Gaboriau was born in the small town of Saujon, Charente-Maritime. He was the son of Charles Gabriel Gaboriau, a public official and his mother was Marguerite Stéphanie Gaboriau. He became a secretary to Paul Féval, and after publishing some novels and miscellaneous writings, found his real gift in L’Affaire Lerouge (1866).
L’Affaire Lerouge , which was Gaboriau’s first detective novel, introduced an amateur detective. It also introduced a young police officer named Lecoq, who was the hero in three of Gaboriau’s later detective novels [namely Le Crime d’Orcival (1866), Le Dossier No. 113 (1867) and Monsieur Lecoq (1868)]. The character of Lecoq was based on a real-life thief turned police officer, Eugène François Vidocq (1775-1857), whose own memoirs, Les Vrais Mémoires de Vidocq (1828), mixed fiction and fact. It may also have been influenced by the villainous Monsieur Lecoq, one of the main protagonists of Feval’s Les Habits Noirs book series.
L’Affaire Lerouge was published serialised in the Pays in 1863 and at once made his reputation. The story was produced on the stage in 1872. A long series of novels dealing with the annals of the police court followed, and proved very popular. Gaboriau was a pioneer and a great success in his time until Arthur Conan Doyle created Sherlock Holmes which diverted global attention from his Monsieur Lecoq. Gaboriau died in Paris of pulmonary apoplexy on the 28th of September 1873.
Gaboriau influenced later detective fiction writers, notably Conan Doyle, who acknowledged his debt to Gaboriau. Conan Doyle wrote, ‘Gaboriau had rather attracted me by the neat dovetailing of his plots, and Poe’s masterful detective, M. Dupin, had from boyhood been one of my heroes. But could I bring an addition of my own?’ Conan Doyle also uses Gaboriau’s two-part structure for two of the four longer Sherlock Holmes stories. Holmes’s skill in the art of disguise is equal to that of Lecoq. Liebow observes that there is a startling similarity between Holmes and Lecoq’s speech, conduct, and meditations. However, Holmes denigrates Lecoq in A Study in Scarlet, dismissing him as a ‘miserable bungler.’ Gaboriau was also an influence on John Russell Coryell, who read his works. His detective, Nick Carter, follows in Lecoq and Tabaret’s footsteps.
- Biography of Emile Gaboriau. online-literature.com. n.d. Retrieved 21 April 2020.
- Émile Gaboriau at The Golden Age of Detection Wiki. Retrieved 21 April 2020.
- Emile Gaboriau and his School by Michael Grost. Retrieved 21 April 2020.
In Gaboriau’s “Une Disparition”, (“A Disappearance” or “Missing!”), written perhaps in 1870, police officers track a businessman who disappeared, with the same enthusiasm and skill they tracked murder suspects in Monsieur Lecoq. This story also shows the same mentor relationships among the Paris police as the novel did: there Lecoq gets straightened out at the end by consulting Tirauclair; here the hero is similarly set right at the end by consulting Lecoq. This well done little tale does not greatly extend the detective technique of the novel, but it does take us into a more middle class world than the book, where all the suspects were either noblemen or lowlifes.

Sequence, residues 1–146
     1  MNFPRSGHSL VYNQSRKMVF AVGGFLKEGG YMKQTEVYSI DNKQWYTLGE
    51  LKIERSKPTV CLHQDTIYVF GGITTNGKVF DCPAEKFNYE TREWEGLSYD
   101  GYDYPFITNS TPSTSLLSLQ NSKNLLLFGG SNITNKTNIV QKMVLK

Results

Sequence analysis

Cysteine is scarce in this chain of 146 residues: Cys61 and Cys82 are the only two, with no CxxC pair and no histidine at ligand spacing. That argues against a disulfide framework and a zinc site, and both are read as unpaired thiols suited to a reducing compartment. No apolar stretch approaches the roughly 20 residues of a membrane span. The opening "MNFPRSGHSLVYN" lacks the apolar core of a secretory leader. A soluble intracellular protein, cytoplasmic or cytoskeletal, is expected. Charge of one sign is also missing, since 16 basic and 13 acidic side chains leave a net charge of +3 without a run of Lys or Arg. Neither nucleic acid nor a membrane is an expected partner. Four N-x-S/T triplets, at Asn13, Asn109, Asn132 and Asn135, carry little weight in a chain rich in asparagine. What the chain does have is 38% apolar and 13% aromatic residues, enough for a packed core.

So does “Le Petit Vieux des Batignolles” (1870), (“The Little Old Man of Batignolles”), Gaboriau’s other main detective short story. This tale does have a puzzle plot. Gaboriau leads his readers into an intricate maze where nothing is as it seems. Every clue or apparent deduction is immediately contradicted by something else, and the detectives find it hard to come up with any theory that explains all the facts. This sort of “overload” approach will later be used by Baroness Orczy. There is also a “paradoxical” feel to the tale; Gaboriau takes delight in each clue pointing to its apparent direct opposite. Gaboriau also shows how a clue can be interpreted in many different ways.
The scenes early in the story, where the young doctor narrator meets the policeman M. Mechinet, and is invited by him to join him on a murder case, seem directly anticipatory of Dr. Watson’s meeting of Sherlock Holmes, in “A Study in Scarlet” (1887). Behind both Gaboriau and Doyle stands Edgar Allan Poe, and the meeting of the narrator and Dupin in “The Murders in the Rue Morgue” (1841).
“The Little Old Man of Batignolles” is reprinted in English translation in E.F. Bleiler’s anthology A Treasury of Victorian Detective Stories (1979). The tale was made into an hour-long film for television in 2009, by famed French director Claude Chabrol.
Julian Symons, in Bloody Murder. From the Detective Story to the Crime Novel: A History (Penguin Books, 1974. Page 57-58), wrote:
In Monsieur Lecoq the detective in disguise pursues the murderer on an immense tour of Paris. He conducts a search of a grand mansion but goes away baffled, unable to believe that the nobleman who receives him with weary courtesy is the man he wants. Much of this is tiresome today, but there are compensations other than the passages of detection, in the accurate and interesting accounts of aspects of the French legal system, and the battles of wits in the dialogues between examining magistrate and accused, from which Simenon probably learned something. And in Monsieur Lecoq, the best of the novels, Lecoq plays a fascinating game of cat and mouse with the prisoner, which ends with his realization that somehow he has been betrayed, and that the mouse knows exactly what the cat is doing. This is the best of the novels: but “Le Petit Vieux de[s] Batignolles” is undoubtedly his finest piece of work, …..